DOI: 10.3923/pjbs.1998.295.298

URL: https://scialert.net/abstract/?doi=pjbs.1998.295.298

Introduction

Wheat (Triticum aestivum L.) Leaf rust caused by Puccinia recondita Roberge ex Desmaz f. sp. tritici is a devestating foliar disease in Mississippi. The survival of viable urediniospores and dormant mycelia serve as the inoculum sources that contribute to the establishment and development of leaf rust epidemics (Burleigh et al., 1969; Eversmeyer et al., 1984; Kolmer, 1992; Leonard et al., 1992). Different methods to manage leaf rust on winter wheat include the use of varieties with partial resistance and application of fungicides. The use of fungicides on moderately resistant to moderately susceptible wheat varieties, has potential value to combat leaf rust and positive effects on yield (Trevathan, 1990). Control of leaf rust by seed and foliar applied fungicides has been described by several authors (Christ and Frank, 1989; Rakotondradona and Line, 1984; Trevathan, 1990). The extensive use of fungicides, however, is neither economical for wheat procedures nor beneficial for the environment. The risk of pathogen resistance to fungicides, the effects of fungicides on nontarget organisms, and the cost of fungicides can be applications. Objective of this study was to develop a desicion-support model for economic chemotheraphy of leaf rust on winter what in Mississippi. This model could be employed in a future decision-support system run on a state wide basis to issue recommendation to wheat procedures for economic fungicide application.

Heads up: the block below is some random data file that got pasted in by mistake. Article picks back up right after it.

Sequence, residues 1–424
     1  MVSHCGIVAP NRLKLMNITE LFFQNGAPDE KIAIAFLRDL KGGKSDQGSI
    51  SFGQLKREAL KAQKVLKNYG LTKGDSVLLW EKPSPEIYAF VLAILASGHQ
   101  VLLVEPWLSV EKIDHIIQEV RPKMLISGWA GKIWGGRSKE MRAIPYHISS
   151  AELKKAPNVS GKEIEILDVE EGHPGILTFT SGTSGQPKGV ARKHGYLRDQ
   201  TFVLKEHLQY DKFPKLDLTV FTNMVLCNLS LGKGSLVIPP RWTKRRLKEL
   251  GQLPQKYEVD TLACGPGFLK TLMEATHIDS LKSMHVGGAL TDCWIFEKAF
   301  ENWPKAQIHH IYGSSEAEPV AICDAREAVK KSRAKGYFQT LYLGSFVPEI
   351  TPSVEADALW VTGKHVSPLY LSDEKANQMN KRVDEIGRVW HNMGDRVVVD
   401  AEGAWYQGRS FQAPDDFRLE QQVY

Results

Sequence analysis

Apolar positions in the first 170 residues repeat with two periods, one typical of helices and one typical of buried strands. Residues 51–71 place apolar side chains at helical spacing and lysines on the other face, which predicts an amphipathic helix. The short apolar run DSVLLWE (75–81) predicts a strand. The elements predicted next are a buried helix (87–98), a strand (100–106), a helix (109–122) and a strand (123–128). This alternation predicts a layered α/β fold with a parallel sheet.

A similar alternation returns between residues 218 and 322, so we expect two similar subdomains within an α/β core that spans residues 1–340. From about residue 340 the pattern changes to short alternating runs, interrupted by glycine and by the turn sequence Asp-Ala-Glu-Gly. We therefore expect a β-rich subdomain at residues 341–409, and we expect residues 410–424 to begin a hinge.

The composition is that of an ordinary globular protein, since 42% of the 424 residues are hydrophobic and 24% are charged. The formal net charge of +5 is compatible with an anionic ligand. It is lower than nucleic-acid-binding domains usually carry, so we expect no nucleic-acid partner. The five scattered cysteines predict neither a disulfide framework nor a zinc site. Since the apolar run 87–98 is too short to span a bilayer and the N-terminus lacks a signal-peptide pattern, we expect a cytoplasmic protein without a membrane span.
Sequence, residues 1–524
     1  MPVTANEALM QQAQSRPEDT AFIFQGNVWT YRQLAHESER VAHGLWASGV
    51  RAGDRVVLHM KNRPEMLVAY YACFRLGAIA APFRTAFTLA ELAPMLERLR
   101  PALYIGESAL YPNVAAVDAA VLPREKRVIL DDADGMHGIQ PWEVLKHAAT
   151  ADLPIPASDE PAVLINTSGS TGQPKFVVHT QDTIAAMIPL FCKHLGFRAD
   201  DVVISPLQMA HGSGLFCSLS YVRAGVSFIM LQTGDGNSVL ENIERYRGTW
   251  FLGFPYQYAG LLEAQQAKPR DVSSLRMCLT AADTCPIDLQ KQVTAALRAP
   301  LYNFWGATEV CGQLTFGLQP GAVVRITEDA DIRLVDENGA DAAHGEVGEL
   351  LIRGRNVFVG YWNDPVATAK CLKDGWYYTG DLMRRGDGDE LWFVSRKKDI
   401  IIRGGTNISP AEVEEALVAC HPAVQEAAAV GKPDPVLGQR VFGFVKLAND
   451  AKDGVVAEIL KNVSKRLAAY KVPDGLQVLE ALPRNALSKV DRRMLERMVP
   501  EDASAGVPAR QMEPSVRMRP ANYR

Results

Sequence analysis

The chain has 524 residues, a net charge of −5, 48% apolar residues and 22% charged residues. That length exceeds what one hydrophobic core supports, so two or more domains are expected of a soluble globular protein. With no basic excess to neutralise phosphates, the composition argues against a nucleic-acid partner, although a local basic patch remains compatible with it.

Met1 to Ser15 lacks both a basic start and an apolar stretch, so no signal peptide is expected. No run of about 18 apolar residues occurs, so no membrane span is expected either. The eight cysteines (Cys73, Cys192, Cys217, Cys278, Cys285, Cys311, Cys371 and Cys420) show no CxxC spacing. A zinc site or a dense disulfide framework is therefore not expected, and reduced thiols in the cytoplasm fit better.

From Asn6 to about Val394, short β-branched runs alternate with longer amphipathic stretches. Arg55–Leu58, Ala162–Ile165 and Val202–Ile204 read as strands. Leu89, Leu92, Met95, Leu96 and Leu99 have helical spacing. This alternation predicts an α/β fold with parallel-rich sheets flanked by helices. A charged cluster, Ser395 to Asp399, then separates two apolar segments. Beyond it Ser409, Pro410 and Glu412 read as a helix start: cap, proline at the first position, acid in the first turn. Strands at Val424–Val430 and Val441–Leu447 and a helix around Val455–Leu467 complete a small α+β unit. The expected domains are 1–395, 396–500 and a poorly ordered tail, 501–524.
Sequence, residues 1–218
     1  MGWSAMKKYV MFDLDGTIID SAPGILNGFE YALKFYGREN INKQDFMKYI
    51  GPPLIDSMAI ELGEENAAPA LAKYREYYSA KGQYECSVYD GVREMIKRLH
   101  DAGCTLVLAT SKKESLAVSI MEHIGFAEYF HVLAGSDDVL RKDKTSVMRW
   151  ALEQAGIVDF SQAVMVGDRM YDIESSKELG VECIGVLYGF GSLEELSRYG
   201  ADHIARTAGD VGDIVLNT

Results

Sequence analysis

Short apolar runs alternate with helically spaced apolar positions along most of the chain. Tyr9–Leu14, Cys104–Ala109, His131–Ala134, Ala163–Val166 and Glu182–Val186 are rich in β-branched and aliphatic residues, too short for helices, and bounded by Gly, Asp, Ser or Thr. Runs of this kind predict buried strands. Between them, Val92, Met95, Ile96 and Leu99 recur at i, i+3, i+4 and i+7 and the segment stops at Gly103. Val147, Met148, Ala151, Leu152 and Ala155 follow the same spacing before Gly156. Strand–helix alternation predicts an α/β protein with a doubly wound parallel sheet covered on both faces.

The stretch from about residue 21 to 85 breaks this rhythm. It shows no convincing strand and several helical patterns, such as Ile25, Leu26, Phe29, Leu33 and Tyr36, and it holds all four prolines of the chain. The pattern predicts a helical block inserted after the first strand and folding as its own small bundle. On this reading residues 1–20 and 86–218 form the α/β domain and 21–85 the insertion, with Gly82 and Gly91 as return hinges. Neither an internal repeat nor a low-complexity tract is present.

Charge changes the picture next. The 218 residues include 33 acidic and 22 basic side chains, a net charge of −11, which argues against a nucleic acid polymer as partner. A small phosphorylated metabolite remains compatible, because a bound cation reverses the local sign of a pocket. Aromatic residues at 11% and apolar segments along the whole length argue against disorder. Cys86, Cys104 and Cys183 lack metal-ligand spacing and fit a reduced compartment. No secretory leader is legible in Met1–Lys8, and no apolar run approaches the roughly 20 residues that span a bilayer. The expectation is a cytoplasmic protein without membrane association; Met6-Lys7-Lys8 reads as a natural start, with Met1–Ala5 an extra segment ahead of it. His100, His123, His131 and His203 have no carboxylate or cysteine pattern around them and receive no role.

Materials and Methods